Skip to main content
jeff blair

At some point, when this all becomes official, you'd like to think the kid from Town of Mount Royal will sit back, take a deep breath and have a quiet chuckle when he thinks about taking advantage of Jeffrey Loria.

Or at least see the irony of the man who helped expedite the Montreal Expos' departure from his hometown now being forced by fiscal reality into addressing 90 per cent of the Toronto Blue Jays' off-season questions in one move.

All of which is permissible, because it's time to live in the moment if you're Alex Anthopoulos, who parted ways with a good deal of his organization's future on Tuesday in a dizzying, 12-player trade with the Miami Marlins, leaving the documents sitting on the desk of baseball commissioner Bud Selig.

When this is all said and done, franchise owner Loria will be explaining to Marlins season-ticket holders why one year after getting a new ballpark, he has ripped the guts out of his major-league roster.

Anthopoulos, meanwhile, will be trumpeting the acquisition in shortstop Jose Reyes of the most electric player the Blue Jays have had since Roberto Alomar; a pair of starting pitchers in Josh Johnson and Mark Buehrle who would have been Nos. 1 and 2 in the Blue Jays rotation this season even with a fully healthy Ricky Romero and Brandon Morrow; and, in infielder/outfielder Emilio Bonifacio, a complement to fellow switch-hitter Reyes that will give the Jays a top of the order that will send shivers down the spines of the American League.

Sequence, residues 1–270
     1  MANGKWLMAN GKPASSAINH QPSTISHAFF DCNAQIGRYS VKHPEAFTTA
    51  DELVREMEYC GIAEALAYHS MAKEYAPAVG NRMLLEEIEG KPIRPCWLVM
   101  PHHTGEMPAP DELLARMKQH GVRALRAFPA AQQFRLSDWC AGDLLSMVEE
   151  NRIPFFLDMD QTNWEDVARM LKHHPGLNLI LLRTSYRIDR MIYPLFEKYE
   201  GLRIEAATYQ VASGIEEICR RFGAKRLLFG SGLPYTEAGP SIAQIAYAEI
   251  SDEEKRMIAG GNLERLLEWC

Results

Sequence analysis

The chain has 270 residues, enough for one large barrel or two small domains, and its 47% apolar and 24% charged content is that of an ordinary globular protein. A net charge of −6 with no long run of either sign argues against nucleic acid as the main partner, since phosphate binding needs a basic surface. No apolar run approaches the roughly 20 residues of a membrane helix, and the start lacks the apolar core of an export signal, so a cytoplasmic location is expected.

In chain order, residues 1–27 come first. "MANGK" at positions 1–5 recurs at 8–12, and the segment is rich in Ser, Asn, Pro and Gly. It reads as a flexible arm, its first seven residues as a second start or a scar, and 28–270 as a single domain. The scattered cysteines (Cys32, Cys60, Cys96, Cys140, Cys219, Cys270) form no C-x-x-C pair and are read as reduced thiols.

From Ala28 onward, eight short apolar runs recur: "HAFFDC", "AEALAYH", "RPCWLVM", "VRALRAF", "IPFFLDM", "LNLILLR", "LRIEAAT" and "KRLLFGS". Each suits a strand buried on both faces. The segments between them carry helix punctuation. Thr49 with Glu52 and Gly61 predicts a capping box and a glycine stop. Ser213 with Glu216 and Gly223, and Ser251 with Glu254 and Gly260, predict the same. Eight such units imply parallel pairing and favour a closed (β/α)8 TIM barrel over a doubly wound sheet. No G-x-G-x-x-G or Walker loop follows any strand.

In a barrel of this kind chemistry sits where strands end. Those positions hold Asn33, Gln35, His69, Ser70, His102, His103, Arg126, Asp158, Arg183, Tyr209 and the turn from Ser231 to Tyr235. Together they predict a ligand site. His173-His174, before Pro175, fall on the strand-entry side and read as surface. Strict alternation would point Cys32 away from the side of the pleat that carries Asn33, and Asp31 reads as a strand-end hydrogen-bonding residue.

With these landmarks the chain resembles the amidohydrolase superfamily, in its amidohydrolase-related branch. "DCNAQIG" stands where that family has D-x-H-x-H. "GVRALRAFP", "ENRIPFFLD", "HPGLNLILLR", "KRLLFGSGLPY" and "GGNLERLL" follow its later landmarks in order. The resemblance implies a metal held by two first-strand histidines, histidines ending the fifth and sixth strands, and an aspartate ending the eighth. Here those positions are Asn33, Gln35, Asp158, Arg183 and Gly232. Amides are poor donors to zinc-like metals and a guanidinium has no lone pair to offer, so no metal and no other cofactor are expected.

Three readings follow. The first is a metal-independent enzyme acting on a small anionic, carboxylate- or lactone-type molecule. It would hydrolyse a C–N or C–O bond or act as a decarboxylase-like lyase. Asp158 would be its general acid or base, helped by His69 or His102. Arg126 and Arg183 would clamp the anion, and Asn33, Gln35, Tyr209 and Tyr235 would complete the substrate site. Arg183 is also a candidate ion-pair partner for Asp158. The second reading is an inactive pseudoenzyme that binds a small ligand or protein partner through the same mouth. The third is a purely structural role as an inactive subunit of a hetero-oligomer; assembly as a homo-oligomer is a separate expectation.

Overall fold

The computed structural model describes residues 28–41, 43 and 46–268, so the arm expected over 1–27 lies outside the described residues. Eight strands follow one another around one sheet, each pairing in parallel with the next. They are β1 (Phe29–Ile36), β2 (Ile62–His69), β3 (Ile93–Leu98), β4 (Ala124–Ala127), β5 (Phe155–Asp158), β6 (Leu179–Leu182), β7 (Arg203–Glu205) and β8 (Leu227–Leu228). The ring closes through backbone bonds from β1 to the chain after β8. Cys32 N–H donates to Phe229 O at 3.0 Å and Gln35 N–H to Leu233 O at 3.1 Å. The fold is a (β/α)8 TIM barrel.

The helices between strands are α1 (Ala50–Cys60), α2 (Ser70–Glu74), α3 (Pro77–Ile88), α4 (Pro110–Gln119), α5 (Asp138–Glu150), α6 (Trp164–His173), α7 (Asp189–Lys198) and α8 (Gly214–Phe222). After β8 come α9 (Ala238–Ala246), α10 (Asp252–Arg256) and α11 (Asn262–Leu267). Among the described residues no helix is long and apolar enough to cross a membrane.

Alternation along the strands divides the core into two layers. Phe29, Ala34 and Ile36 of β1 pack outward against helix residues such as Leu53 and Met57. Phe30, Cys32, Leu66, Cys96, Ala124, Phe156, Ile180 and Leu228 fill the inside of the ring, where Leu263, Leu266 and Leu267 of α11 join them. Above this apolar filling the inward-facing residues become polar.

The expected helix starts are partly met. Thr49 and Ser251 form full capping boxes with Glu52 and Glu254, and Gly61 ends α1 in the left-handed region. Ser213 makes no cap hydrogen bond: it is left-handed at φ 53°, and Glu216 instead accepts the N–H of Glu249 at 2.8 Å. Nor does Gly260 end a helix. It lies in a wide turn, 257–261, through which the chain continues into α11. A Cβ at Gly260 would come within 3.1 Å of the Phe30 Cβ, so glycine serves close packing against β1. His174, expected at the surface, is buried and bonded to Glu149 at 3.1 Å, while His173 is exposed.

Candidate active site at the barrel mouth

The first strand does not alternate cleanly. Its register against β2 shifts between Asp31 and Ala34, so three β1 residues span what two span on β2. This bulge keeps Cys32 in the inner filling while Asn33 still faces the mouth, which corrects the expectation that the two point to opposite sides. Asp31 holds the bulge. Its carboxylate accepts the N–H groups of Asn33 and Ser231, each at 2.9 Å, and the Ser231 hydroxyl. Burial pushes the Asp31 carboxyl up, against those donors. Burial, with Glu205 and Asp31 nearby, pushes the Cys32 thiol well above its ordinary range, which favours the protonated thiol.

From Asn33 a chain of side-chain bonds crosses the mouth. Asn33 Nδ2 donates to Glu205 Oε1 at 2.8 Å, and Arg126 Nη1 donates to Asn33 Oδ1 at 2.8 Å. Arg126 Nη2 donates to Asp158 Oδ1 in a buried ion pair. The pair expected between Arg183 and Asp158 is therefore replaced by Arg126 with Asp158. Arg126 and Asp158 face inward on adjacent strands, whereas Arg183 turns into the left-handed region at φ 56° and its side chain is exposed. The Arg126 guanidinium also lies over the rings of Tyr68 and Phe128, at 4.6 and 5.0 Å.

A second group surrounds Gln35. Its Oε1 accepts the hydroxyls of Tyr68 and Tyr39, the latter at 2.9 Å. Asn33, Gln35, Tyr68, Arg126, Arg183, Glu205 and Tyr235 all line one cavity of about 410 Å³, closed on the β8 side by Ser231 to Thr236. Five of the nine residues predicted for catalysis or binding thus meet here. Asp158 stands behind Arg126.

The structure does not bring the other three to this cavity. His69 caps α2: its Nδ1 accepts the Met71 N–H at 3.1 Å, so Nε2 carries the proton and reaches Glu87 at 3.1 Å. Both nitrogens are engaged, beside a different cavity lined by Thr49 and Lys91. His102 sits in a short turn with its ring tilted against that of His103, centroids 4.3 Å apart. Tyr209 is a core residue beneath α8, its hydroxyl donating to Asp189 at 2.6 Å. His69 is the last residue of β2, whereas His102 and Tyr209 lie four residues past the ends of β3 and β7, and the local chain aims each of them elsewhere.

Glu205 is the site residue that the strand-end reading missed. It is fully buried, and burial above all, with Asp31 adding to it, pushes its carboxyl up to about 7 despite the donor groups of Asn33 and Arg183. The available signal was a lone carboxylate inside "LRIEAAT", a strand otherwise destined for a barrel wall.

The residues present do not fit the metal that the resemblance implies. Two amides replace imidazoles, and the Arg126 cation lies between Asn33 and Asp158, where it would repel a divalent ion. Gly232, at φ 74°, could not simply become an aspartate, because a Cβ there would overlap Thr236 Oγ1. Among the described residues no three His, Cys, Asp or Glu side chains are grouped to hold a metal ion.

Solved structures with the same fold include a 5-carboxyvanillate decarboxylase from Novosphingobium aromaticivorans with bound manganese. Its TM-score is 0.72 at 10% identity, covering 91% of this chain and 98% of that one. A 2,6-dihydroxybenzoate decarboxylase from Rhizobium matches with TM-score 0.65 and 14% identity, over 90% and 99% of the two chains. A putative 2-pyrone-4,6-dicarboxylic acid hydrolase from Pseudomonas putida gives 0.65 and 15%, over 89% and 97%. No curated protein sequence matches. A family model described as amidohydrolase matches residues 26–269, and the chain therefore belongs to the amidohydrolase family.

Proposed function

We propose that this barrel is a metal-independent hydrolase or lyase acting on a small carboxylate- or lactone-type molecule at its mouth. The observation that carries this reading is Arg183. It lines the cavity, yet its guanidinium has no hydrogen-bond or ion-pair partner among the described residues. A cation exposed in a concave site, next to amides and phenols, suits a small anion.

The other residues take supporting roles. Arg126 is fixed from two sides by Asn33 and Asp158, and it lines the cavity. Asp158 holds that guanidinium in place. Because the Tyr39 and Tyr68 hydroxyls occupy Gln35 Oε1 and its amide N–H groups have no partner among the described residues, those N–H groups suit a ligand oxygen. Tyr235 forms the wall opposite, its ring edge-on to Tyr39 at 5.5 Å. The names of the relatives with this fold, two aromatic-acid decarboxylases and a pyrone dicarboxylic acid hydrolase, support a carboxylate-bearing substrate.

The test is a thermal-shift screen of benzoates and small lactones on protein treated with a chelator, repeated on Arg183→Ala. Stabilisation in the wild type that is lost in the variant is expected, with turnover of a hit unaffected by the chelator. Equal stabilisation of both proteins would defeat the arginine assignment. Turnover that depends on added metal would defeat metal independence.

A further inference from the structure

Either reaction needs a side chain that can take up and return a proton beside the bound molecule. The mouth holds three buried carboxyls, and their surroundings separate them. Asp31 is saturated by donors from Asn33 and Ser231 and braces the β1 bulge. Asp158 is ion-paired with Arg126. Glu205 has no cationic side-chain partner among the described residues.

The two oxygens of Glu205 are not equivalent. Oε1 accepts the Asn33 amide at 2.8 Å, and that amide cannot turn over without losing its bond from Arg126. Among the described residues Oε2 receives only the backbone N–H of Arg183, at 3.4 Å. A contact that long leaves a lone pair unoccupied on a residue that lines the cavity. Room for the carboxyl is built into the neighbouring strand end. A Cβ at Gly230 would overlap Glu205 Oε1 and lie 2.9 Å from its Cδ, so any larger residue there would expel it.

Catcher John Buck replaces Jeff Mathis – significant because Buck has mentored J.P. Arencibia in the past, and because he is easier to move in a future 1-for-1 deal than Mathis would be, because he is more accomplished offensively.

Reyes had 60 extra-base hits and 40 steals in 51 attempts last season, and has averaged 110 runs and 55 steals in his 10-year career. Healthy, he is a player whose offensive game is improved by the artificial turf at the Rogers Centre.

Johnson had a career-high 3.81 earned-run average in 2012, but his career 162-game average is 3.15, to go along with 190 strikeouts and 209 innings.

Buehrle has tossed at least 200 innings for 12 consecutive seasons and is a veteran of the AL wars from his time with the Chicago White Sox.

Financially, the Blue Jays are picking up five guaranteed years of Reyes at a total of $96-million (U.S.). That includes $22-million per year from 2015-17 and a $4-million buyout of a $22-million option year in 2018. In other words, if Reyes sees out his contract, it will cost the Blue Jays $114-million.

Buehrle, meanwhile, has three years and $51-million left (his salary goes from $12-million in 2013, to $19-million in 2014, and $20-million in 2015), while Johnson will be eligible for free agency after next season, when he earns $13.75-million.

If Wednesday was Opening Day, the Blue Jays payroll would be a shade over $110-million. And fans would be talking playoffs.

And make no mistake: It is an unfortunate reality that, for the Blue Jays, the optics of this trade and the approximately $170-million in future commitment depend in no small measure on the money, coming as it does a year after the organization mismanaged its involvement in the posting process for Japanese free-agent pitcher Yu Darvish.

Yet, here was Anthopoulos, landing two of last winter's premier free-agents (Reyes and Buehrle) a year later, after Loria and the Marlins did all the heavy lifting, including – bless them – holding firm to a club policy of not giving out no-trade clauses that made all this possible.

Too bad, however, about that lousy revenue projection, which sources say put the Marlins in Selig's crosshairs late in the 2012 season.

How could a son of Montreal pass this up? Merci, Monsieur Loria.

We'll enjoy this now, and hope that our instincts about Adeiny Hechavarria and Justin Nicolino are wrong.